The Seventh Circuit no doubt raised some eyebrows last month when it reversed a $44.7 million jury verdict in First Midwest Bank v. City of Chicago. But despite the high verdict and tragic facts, the decision simply applied longstanding Supreme Court precedent on the distinction between government wrongs, which certainly do violate the federal constitution, and private wrongs, which do not—even if they are tortious or criminal under state law.
Back in 2010, Chicago police officer Patrick Kelly and his longtime friend Michael LaPorta spent the evening drinking together, some kind of argument ensued, and LaPorta ended up shot in the head. He suffered severe and life-altering brain injuries. Kelly claimed that LaPorta had attempted suicide, but LaPorta’s family alleged that Kelly shot LaPorta. Of note, Officer Kelly had a long history of allegations of on-duty misconduct, but was not significantly disciplined by CPD.
After settling with Kelly’s personal insurer, LaPorta’s family sued the City of Chicago, alleging that the City’s policy failures caused Kelly to shoot LaPorta and thereby violated his substantive due process rights under the Fourteenth Amendment. They argued that the City implicitly and explicitly condoned misconduct and allowed a “code of silence” among police officers, and these practices made Kelly think he could shoot LaPorta and get away with it. Plaintiff’s counsel made fiery arguments that a big verdict was necessary to reform the Chicago Police Department and deter future misconduct from officers. The jury returned a verdict of $44.7 million, the largest police misconduct verdict in Chicago history.
On appeal the City pressed the same point that it had made in the lower court: Kelly’s actions occurred off duty, at his home, and were completely unrelated to his role as a police officer. They did not violate LaPorta’s rights because they were not government action, but private action. The U.S. Supreme Court has held decades ago that the Fourteenth Amendment does not apply to private conduct and the government has no constitutional duty to protect against private violence.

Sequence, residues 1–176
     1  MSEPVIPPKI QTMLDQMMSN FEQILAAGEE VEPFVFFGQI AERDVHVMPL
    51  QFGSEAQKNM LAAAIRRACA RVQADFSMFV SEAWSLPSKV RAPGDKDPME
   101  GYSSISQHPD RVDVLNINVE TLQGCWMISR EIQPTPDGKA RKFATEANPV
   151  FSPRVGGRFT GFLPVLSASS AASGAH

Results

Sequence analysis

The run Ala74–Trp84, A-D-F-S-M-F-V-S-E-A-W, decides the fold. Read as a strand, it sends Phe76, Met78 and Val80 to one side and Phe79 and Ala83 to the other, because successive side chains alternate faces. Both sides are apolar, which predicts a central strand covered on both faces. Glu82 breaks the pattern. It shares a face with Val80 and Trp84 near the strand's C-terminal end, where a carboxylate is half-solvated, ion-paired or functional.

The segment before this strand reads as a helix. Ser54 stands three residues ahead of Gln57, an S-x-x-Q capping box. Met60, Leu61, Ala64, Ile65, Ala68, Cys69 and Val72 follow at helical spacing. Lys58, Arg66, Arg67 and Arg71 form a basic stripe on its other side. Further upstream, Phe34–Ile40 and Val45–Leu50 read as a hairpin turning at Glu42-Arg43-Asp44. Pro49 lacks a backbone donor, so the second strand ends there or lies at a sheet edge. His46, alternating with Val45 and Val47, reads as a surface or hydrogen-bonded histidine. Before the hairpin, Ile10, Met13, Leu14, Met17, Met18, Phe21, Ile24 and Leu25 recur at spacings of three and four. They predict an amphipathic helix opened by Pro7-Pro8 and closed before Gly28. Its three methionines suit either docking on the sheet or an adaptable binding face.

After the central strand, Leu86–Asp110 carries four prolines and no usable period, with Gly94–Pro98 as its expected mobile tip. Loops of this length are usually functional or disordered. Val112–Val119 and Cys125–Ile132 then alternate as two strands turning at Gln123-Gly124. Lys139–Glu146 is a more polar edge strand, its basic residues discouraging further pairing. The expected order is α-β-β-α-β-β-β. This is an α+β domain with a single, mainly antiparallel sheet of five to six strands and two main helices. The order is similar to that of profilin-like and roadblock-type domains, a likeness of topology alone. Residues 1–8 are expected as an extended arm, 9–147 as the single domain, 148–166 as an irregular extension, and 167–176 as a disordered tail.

The Seventh Circuit agreed. Plaintiff’s attempt to bring a Monell claim and point to the City’s policies and practices misunderstood the nature of such claims. Monell is not a separate source of substantive rights, but a procedural means to sue municipalities that cause such violations. Here, there was no substantive constitutional violation. Instead, it was an act of tragic, but thoroughly private violence. The Seventh Circuit added that several other lower courts had made the same mistake that the district court made in this case, allowing Monell claims to go forward on the theory that municipal policies somehow “caused” acts of private violence. In conclusion, the Seventh Circuit went out of its way to acknowledge sympathy for LaPorta’s injuries, but reiterated that because Kelly’s actions were not government action, they did not violate LaPorta’s federal constitutional rights.
First Midwest Bank is good news for municipalities in that is reiterates that they, alone among employers, are not on the hook for private, off-duty actions of their employees. Other district court decisions to the contrary are no longer good law. That said, it is equally true that most suits against municipalities arise from the on-duty actions of their employees, for which there certainly is liability.